When we think about clogged arteries, we generally think about arteries near the heart (coronary arteries).
But leg arteries (peripheral arteries) can also get blocked, triggering peripheral artery disease (PAD). PAD can cause ongoing leg cramps (especially while moving around) and leg numbness. The problem can lead to surgery—to increase blood flow or even to amputate.
Of course, healthy habits such as eating well, exercising and not smoking all can help prevent PAD, but eight to 12 million Americans already struggle with the disease, so clearly many of us could use some extra help preventing it.
That’s why I was encouraged when I read that researchers have found that one of the all-time best-selling herbs may be an easy, inexpensive, natural way to prevent this painful problem.
What’s the herb in question? It’s the well-known ginkgo biloba. Researchers wanted to see whether it would stave off a variety of health problems, including dementia, heart attack, stroke, chest pain and what they classified as a clinical diagnosis of a PAD “event” (any severe problem related to PAD that would bring a patient to the hospital for surgical therapy or angioplasty). Lewis Kuller, MD, DrPH, the study’s lead author, told me more about the analysis.
The subjects were split into two groups, with one group receiving a supplement containing 120 milligrams (mg) of ginkgo biloba extract twice a day and the other receiving a placebo. (Those who were taking medications for any cardiovascular health problems continued taking them.) Over the course of the study (a median time frame of six years), the herb showed no tangible benefit in terms of preventing dementia—nor did it significantly prevent heart attack, stroke or chest pain.
But there was one finding that caught the researchers’ attention. During the study period, 35 patients had a PAD event. The researchers noticed that among those 35 people, 23 were in the placebo group and only 12 were in the ginkgo biloba group—so those who took the extract turned out to be only about half as likely to have a PAD event. In other words, the ginkgo biloba might have helped prevent PAD.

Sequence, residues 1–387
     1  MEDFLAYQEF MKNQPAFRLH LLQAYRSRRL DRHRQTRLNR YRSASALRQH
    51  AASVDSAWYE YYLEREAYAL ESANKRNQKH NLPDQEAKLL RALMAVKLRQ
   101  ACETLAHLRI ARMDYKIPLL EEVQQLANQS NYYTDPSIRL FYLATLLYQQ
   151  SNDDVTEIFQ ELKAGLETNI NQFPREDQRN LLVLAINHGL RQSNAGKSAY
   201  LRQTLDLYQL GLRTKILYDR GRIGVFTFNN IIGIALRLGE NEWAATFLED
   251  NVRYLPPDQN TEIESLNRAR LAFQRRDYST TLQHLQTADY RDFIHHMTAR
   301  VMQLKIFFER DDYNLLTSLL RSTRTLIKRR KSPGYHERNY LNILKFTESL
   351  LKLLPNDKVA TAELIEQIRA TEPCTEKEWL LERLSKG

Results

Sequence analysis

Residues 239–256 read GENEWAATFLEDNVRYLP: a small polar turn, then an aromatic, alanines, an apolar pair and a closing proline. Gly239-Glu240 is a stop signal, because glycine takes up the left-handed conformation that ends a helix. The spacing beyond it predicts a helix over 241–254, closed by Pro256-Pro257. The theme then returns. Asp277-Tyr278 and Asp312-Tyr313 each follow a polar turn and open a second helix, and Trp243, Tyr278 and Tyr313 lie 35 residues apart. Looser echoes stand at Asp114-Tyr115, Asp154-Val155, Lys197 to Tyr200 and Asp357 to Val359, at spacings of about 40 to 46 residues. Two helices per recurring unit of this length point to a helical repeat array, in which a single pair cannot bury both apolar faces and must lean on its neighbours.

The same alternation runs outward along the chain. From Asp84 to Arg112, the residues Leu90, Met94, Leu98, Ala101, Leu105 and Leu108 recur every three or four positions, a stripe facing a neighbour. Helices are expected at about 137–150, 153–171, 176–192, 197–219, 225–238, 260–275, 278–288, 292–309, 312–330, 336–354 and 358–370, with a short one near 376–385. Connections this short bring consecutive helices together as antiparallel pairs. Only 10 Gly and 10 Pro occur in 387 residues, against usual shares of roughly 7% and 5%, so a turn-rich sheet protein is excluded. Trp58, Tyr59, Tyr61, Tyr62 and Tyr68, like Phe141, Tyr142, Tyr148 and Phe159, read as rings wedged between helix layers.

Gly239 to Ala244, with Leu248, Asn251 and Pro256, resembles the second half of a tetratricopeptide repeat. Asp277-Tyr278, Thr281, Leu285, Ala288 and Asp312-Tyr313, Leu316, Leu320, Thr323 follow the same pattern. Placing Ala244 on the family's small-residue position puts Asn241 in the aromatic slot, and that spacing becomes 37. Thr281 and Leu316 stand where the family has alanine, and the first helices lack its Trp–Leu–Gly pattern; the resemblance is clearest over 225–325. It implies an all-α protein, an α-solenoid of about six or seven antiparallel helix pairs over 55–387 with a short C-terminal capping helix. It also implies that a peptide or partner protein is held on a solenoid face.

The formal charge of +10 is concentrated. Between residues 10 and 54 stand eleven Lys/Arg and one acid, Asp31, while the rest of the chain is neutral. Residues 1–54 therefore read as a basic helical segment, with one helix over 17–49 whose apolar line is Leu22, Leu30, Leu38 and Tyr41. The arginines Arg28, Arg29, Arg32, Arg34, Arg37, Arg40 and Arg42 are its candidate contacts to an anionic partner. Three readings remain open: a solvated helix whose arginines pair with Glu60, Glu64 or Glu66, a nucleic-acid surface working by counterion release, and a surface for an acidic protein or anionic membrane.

Granted, this finding is based on a small number of people. And the researchers don’t know for sure whether patients had had PAD events that met their criteria before the study began, because they didn’t have access to prior medical records. But the result is what scientists call “a statistically significant” difference. In other words, it’s a finding that shouldn’t be ignored, said Dr. Kuller, and one that should be further studied.
Dr. Kuller suggested that ginkgo biloba’s blood-thinning and vessel-dilating properties—stemming from flavonoid antioxidants—may be what made a critical difference.
But if the supplement is so good at opening up blood vessels and thinning blood, then how come it didn’t appear to help prevent other cardiovascular problems—beyond just PAD? Dr. Kuller isn’t sure but hopes that new research will answer that question.
Of course, there are foods that are rich in flavonoids, including many fruits and vegetables and even red wine and dark chocolate. But amounts and types of flavonoids in foods vary widely—so, Dr. Kuller said, a ginkgo biloba supplement is the only way, for now, to duplicate what was received by the people in the study.
If you are at high risk for PAD (risk factors include a family history of PAD, heart disease or stroke…being sedentary…smoking…diabetes…obesity…high blood pressure…high cholesterol…being over the age of 50 and being African American) talk to your doctor about taking a ginkgo biloba supplement—you might mention Dr. Kuller’s study.
While taking ginkgo biloba, any healthy person may experience persistent or temporary side effects, including upset stomach, headaches and dizziness, although these tend to be mild. (The higher the dose, the greater the likelihood of side effects.) However people taking certain drugs—including blood thinners and antidepressants—may suffer serious drug interactions (such as bleeding or serotonin syndrome, which can be fatal) while using ginkgo biloba, and pregnant women should also avoid it. If you’re taking an anticonvulsant, ginkgo biloba may make the drug less effective. So, again, talk to your doctor about all of your medications (and other supplements that you take) if you want to try it. Study subjects took 240 mg total per day, split into two doses, but ask your doctor about the best dosage for you.
Source: Lewis H. Kuller, MD, DrPH, professor of public health, department of epidemiology, University of Pittsburgh.